When Duchatelet finally sells up, we really need to make a clean break and find a first-team boss who can affect games and communicate clearly. How novel it would be if we could also get one who gave us a 'bounce' for a change? That Chris Powell bloke has started with two wins for the Shrimpers since joining. 

Sunday, 4 February 2018

Wales 34 v Scotland 7

In the pantheon of "enormously disappointing Scotland performances in sport," this one will get a chapter all to itself. I was in Cardiff in 2014 when Wales ran up a record 50 points against us. It was a painful day to be supporting Scotland but it wasn't a surprise on a day when Wales were expected to win by a good margin.

Yesterday Scotland rolled into Cardiff with an exuberant and expectant following coming on the back of several great performances two months ago when we beat the Aussies twice and came within a whisker of beating New Zealand. I always say that Scotland save their best performances for the Autumn Tests and their worst for the 6 Nations. However, even I was lured into a false sense of optimism yesterday in spite of my better judgement. I spent twenty minutes on the train yesterday morning considering a big bet on Scotland this year. Not to win it at 9-1 you understand but maybe a top-two finish? I kept looking at the current squad and wondering how good some of these new players actually are? I also struggled to see past a scrummaging front row bereft of Ross Ford and AP Nell. Pleased to say I decided not to wager on the rugby.

Having checked into our hotel (we were shifted from the Exchange to the Radisson Blu last week, having booked it last May) we met my Uncle in the Prince of Wales pub where the bouncers were under strict orders to avoid the human jam that this pub has always been in the past when we have visited. The good news was that we were early enough to avoid queuing and able to enjoy a few pints without long waits at the bar. Our seats were in the very last row at the top of the stand and we settled down with a spectacular view of the action. That was the end of the best part of the day.

Scotland started brightly and pegged Wales back into their own half. It all looked good for five or ten minutes and then Wales scored a simple try as Ali Price's feed from the scrum was intercepted following a telegram and it was 7-0. When Wales ran in a second try to open up a 14-0 lead it looked like we would have to deliver a fightback, the likes of which I have never seen. 

Sure enough, after the break Wales kicked two penalties which ended any realistic Scottish hopes and it really was then a case of damage limitation. Scotland were poor from front-to-back and side-to-side. I don't recall us even winning a penalty and every time we got into a scoring position, Wales turned us over. We made our way out before the end so we didn't even see Scotland's try which I am sure was a consolation as Wales finally eased off the gas. 

Gregor Townsend has spoken of his "shock" at the performance and has said it wasn't good enough. That's what everyone present felt and said yesterday but he is the Coach and he needs to be explaining what went wrong what is going to change. From where I sat, we were leaderless. Stuart Hogg was prompting from the back but he was covering so desperately that we were all at sixes and sevens upfront and everyone looked content to concentrate on defending to earn their cap instead of trying to take the game to Wales.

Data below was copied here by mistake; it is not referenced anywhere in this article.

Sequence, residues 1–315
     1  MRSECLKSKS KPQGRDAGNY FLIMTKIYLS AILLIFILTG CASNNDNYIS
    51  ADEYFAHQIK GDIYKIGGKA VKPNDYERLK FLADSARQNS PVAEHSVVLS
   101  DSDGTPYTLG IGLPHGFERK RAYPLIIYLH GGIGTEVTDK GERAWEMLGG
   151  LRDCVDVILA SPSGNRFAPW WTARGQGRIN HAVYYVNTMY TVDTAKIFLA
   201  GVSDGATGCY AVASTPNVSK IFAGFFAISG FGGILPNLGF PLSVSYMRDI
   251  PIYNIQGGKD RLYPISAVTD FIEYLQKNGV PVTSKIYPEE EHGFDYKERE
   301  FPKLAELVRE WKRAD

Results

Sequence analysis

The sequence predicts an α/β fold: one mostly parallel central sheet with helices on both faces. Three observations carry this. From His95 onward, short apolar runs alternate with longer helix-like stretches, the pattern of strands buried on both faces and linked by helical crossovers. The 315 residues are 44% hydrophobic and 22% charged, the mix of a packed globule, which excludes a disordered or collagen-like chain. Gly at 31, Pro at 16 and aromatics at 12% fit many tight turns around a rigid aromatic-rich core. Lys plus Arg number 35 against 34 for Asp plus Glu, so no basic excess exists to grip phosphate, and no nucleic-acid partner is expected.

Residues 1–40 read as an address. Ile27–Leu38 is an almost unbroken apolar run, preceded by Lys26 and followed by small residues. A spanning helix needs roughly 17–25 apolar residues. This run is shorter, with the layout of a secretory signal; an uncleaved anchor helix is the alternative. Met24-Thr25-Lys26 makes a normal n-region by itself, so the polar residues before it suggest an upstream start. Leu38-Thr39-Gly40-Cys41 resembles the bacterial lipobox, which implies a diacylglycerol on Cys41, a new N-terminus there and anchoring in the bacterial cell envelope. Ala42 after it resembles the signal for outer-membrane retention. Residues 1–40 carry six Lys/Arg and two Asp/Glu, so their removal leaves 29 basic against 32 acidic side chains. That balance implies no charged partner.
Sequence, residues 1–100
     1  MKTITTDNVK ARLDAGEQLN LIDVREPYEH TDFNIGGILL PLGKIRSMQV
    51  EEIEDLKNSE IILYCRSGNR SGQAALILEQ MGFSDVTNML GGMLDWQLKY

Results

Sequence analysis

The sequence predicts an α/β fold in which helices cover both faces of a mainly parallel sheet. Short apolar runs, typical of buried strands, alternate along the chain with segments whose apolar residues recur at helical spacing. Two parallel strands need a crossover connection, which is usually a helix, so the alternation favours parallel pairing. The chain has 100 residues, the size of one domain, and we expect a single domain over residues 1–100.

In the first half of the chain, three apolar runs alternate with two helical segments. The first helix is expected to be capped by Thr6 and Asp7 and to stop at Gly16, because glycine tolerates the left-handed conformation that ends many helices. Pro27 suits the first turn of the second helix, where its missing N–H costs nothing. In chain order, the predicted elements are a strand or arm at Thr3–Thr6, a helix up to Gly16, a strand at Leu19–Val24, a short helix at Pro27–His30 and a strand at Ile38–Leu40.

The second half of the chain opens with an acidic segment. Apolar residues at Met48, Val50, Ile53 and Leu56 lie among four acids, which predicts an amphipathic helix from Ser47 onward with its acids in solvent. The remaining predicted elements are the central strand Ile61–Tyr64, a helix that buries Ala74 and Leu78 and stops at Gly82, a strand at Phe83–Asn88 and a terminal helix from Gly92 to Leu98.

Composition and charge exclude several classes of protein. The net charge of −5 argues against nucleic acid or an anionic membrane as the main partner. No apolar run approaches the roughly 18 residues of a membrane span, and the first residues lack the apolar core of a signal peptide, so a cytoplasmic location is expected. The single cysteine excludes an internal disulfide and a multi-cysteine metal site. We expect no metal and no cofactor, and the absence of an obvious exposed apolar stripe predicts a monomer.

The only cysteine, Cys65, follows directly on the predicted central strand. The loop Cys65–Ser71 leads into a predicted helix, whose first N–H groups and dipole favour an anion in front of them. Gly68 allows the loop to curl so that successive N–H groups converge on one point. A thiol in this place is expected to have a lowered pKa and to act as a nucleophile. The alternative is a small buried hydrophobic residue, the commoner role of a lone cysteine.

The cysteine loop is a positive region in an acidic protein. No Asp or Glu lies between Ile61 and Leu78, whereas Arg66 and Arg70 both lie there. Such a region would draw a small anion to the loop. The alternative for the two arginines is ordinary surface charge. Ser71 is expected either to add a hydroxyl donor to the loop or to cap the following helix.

I am going to Edinburgh, Dublin and Rome in the coming weeks and already my first thoughts are on food and drink. Based on yesterday's performance, Scotland must now be a good bet for the Wooden Spoon as they may not have enough in the tank to avoid a last-match defeat in Rome if we are humped by France, England and Ireland in the meantime, which looks highly possible.

Thursday, 1 February 2018

Well, well, no buyer for Konsa

The January transfer window closed yesterday with Ezri Konsa remaining at the Valley. That was the big surprise given every expectation in the run-up to January. It shouldn't be a huge surprise given that Ademola Lookman wasn't sold in the Summer of 2016 when I believe an offer was made. Instead, it was considered too small and we held our nerve which resulted in a significantly bigger deal in January.

However, the circumstances around the proposed sale of Konsa have different; Duchatelet is clearly on an exit strategy, Konsa has the first-team experience Lookman lacked in the Summer of 2016 and big Karl Robinson has been telling us for several months about the inevitably of Lookman going with Everton strongly linked as repeat purchasers. 

The simple view that Duchatelet would sell and pocket an extra chunk of cash is a tad naive in a sale situation where clearly he is a major asset on the balance sheet, although with a big gap in expectations on club value, selling him to cut that gap was a consideration.

Konsa has established himself in the side and was part of the same England U20 side as Ademola Lookman that won the World Cup last year. Being a defender and not a striker, his value was always going to be less but a £5m estimation has been bandied about as part of a done deal for a long time.